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J Nucl Med. 2011 Mar;52(3):393-400. doi: 10.2967/jnumed.110.083683. Epub 2011 Feb 14.

Dual-biomarker imaging of regional cerebral amyloid load and neuronal activity in dementia with PET and 11C-labeled Pittsburgh compound B.

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  • 1Department of Nuclear Medicine, University Hospital Freiburg, Freiburg, Germany. philipp.meyer@uniklinik-freiburg.de

Abstract

PET studies with biomarkers of regional neuronal activity (cerebral glucose metabolism or blood flow [CBF]) and amyloid-β (Aβ) depositions provide complementary information for the early diagnosis of dementia and follow-up of patients with dementia. We investigated the validity of relative regional CBF estimates (R(1)) gained from pharmacokinetic analyses of (11)C-labeled Pittsburgh compound B ((11)C-PIB) PET studies as a marker of neuronal activity and neurodegeneration.

METHODS:

Twenty-two patients with cognitive impairment (16 patients with early Alzheimer disease) underwent (18)F-FDG and (11)C-PIB PET studies for the assessment of regional glucose metabolism and Aβ load. Parametric images of R(1) (relative CBF) and binding potential (BP(ND); Aβ load) were generated by 2-step simplified reference tissue model (SRTM2) analyses of dynamic (11)C-PIB data. Volume-of-interest and voxel-based statistical analyses were performed to investigate the association between normalized (18)F-FDG uptake and (11)C-PIB R(1) and the correlation of these measures with symptom severity (Mini-Mental State Examination [MMSE] scores) in patients with Alzheimer disease.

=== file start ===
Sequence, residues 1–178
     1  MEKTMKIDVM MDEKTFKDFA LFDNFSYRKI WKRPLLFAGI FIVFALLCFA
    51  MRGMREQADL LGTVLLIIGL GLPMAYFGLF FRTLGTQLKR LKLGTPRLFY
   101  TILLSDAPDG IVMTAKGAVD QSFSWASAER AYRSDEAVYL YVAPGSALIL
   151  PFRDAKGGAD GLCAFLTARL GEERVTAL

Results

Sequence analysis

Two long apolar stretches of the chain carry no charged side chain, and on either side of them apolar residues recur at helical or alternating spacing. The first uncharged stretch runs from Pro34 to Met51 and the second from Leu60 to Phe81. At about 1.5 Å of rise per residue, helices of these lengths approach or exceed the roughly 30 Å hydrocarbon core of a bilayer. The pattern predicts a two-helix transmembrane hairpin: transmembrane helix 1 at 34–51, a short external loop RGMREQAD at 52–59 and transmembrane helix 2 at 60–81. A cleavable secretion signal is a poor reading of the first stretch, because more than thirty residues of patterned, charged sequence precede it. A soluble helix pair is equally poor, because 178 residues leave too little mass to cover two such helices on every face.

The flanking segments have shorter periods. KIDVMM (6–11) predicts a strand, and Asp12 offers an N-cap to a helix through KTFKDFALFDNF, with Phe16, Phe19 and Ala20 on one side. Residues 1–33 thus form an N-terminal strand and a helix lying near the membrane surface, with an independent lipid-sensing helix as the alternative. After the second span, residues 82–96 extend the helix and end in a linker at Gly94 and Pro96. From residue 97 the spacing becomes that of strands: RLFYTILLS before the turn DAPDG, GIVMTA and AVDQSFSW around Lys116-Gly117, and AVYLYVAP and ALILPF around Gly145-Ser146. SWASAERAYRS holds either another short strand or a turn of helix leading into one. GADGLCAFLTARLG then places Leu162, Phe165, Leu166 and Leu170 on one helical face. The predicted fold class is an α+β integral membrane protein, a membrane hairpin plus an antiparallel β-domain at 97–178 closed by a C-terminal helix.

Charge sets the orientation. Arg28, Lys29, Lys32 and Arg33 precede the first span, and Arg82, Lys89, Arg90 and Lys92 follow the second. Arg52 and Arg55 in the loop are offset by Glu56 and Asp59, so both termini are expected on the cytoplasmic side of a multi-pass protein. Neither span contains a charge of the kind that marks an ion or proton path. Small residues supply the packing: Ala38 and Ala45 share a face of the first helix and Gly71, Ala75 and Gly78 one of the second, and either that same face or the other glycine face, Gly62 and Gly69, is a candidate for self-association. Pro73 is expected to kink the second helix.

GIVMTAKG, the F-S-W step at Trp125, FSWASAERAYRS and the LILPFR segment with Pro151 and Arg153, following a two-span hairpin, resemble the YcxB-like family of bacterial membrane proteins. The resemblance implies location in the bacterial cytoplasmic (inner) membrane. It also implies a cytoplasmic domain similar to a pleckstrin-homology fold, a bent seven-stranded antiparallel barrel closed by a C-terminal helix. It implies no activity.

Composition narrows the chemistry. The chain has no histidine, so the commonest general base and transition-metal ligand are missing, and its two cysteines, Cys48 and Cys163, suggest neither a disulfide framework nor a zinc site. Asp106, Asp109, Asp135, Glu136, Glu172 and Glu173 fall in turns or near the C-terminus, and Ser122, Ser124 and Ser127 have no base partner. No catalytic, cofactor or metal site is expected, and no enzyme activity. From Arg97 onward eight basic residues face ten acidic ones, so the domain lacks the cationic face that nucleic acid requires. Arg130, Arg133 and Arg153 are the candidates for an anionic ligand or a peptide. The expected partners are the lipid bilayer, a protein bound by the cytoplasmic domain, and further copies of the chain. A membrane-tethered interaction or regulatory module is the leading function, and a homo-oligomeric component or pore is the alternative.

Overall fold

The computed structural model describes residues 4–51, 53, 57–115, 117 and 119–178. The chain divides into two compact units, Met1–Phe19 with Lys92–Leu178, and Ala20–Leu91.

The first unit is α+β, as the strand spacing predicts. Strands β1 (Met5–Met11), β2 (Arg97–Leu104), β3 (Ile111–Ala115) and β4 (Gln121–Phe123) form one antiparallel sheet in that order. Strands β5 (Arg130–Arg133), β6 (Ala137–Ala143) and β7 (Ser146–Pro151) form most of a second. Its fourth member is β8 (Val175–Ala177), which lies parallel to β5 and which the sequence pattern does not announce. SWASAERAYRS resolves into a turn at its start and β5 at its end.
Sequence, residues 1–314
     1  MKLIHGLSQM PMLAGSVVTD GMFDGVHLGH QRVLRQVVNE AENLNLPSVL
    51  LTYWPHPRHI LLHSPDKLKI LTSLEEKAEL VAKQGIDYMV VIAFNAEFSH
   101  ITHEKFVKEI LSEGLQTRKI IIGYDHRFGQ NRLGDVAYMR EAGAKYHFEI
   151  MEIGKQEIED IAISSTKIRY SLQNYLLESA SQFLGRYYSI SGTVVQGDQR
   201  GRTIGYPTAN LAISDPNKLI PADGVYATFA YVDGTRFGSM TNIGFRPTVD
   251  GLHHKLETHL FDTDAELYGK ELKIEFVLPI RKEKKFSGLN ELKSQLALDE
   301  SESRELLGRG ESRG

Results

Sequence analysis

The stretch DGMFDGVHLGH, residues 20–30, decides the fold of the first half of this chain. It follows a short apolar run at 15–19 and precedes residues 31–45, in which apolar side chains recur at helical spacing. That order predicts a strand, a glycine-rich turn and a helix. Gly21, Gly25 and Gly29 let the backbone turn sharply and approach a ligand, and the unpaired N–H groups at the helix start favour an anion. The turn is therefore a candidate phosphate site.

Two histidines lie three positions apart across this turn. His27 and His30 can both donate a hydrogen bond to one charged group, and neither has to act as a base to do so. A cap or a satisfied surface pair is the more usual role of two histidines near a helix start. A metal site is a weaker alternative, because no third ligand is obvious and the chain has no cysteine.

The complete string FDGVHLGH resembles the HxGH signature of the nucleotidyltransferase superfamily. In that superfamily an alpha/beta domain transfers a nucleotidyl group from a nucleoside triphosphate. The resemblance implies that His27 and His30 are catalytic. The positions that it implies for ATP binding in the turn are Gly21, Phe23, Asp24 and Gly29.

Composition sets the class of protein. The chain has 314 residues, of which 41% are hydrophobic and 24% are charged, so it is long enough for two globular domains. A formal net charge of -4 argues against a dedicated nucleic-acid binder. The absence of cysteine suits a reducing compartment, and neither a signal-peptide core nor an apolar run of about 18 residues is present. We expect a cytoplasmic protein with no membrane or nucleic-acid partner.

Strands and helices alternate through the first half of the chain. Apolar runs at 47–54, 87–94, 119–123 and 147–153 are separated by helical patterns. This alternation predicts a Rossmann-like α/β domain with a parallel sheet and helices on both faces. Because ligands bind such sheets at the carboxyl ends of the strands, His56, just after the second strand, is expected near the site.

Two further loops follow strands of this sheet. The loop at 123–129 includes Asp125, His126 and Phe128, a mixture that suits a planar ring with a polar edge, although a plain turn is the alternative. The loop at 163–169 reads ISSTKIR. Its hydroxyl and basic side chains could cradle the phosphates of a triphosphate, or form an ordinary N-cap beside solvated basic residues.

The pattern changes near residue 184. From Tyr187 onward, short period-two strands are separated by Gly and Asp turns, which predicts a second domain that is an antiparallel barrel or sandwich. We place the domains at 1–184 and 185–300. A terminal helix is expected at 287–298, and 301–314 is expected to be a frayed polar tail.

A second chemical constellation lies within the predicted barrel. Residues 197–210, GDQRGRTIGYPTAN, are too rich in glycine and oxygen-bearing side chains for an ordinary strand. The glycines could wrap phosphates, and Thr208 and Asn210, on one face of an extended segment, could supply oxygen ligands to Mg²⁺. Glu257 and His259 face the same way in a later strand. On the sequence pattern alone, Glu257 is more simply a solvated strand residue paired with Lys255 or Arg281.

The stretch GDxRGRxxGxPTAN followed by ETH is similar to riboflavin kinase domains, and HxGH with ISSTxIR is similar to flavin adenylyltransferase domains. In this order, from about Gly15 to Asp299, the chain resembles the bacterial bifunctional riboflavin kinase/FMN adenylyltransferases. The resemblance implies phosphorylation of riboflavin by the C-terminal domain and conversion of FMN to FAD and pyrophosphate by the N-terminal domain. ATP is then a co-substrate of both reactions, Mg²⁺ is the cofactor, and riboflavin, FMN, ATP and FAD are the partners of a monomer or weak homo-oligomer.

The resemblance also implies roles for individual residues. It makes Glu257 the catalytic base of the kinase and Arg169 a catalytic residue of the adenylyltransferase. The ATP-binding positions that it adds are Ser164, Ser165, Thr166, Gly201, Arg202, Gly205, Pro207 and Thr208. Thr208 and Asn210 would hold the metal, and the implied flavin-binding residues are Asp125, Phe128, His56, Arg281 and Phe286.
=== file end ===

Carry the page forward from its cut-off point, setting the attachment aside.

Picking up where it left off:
RESULTS:

SRTM2 analyses provided high-quality (11)C-PIB R(1) images that were comparable to (18)F-FDG PET images. Regional (11)C-PIB R(1) values strongly correlated with normalized regional (18)F-FDG uptake when correlations were calculated separately for each patient (R(2) [mean ± SD], 0.73 ± 0.11) or across all regions of all patients (R(2), 0.62). A regression model including (18)F-FDG uptake, subject identification, and region grouping (into cortical, subcortical, and limbic regions to allow for possible differences in flow/metabolism coupling) accounted for 86% of total (11)C-PIB R(1) variability. Voxel-based correlation analyses of (18)F-FDG uptake and (11)C-PIB R(1) with MMSE scores revealed similar core findings of positive correlations in the posterior cingulate gyrus/precuneus and negative correlations (preserved activity) in the bilateral sensorimotor cortex. There was no correlation between Aβ load (BP(ND)) and MMSE scores.

CONCLUSION:

These results strongly suggest that (11)C-PIB R(1) can serve as a complementary biomarker of neuronal activity and, thus, neurodegeneration in addition to Aβ load given by (11)C-PIB BP(ND). Further studies are needed to validate the diagnostic value of dual-biomarker (11)C-PIB PET studies in comparison with combined (18)F-FDG and (11)C-PIB PET studies. Compared with the latter, dual-biomarker (11)C-PIB PET greatly reduces costs and burden for patients.

PMID:
21321269
[PubMed - indexed for MEDLINE]
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